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Does Land Abundance Explain African Institutions?

  • Fenske, James

    (Yale University)

I show how abundant land and scarce labor shaped African institutions before colonial rule. I present a model in which exogenous suitability of the land for agriculture and endogenously evolving population determine the existence of land rights, slavery, and polygyny. I then use cross-sectional data on pre-colonial African societies to demonstrate that, consistent with the model, the existence of land rights, slavery, and polygyny occurred in those parts of Africa that were the most suitable for agriculture, and in which population density was greatest. Next, I use the model to explain institutions among the Egba of southwestern Nigeria from 1830 to 1914. While many Egba institutions were typical of a land-abundant environment, they sold land and had disputes over it. These exceptions were the result of a period of land scarcity when the Egba first arrived at Abeokuta and of heterogeneity in the quality of land.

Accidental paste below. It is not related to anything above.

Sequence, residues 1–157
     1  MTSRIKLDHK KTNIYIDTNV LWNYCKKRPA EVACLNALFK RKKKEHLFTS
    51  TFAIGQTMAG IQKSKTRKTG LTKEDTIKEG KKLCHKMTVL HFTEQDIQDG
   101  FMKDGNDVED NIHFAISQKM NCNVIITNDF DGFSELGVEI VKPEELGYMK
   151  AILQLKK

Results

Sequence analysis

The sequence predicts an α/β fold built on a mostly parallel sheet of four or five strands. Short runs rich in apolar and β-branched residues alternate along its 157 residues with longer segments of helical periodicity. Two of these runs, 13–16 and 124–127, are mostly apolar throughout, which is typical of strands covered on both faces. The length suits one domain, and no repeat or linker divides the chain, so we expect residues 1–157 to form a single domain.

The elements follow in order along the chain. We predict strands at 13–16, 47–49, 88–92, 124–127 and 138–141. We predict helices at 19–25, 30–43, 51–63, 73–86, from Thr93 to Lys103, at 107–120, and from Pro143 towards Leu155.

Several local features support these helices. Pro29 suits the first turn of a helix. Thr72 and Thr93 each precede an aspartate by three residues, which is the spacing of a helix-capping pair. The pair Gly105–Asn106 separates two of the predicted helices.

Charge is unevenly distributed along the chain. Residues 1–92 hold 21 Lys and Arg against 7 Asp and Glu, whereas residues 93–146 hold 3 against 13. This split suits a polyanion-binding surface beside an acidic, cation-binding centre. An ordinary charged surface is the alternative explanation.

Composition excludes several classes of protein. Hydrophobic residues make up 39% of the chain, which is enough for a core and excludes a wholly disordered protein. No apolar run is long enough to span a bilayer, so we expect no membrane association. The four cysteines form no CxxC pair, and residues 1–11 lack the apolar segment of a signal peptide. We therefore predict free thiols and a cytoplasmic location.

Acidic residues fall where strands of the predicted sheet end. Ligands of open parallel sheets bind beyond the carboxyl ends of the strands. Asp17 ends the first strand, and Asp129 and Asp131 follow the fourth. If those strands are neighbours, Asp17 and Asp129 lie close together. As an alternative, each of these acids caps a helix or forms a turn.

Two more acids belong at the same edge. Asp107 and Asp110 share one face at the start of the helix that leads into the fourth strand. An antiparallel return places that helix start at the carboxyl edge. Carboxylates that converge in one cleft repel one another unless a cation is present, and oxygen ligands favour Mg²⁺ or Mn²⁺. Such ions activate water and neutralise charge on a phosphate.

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Paper provided by Yale University, Department of Economics in its series Working Papers with number 74.

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Date of creation: Nov 2009
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Handle: RePEc:ecl:yaleco:74
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  17. J. Barkley Rosser, 2009. "Introduction," Chapters, in: Handbook of Research on Complexity, chapter 1 Edward Elgar.
  18. Daron Acemoglu & Simon Johnson & James A. Robinson, 2000. "The Colonial Origins of Comparative Development: An Empirical Investigation," NBER Working Papers 7771, National Bureau of Economic Research, Inc.
  19. North, Douglass C. & Thomas, Robert Paul, 1971. "The Rise and Fall of the Manorial System: A Theoretical Model," The Journal of Economic History, Cambridge University Press, vol. 31(04), pages 777-803, December.
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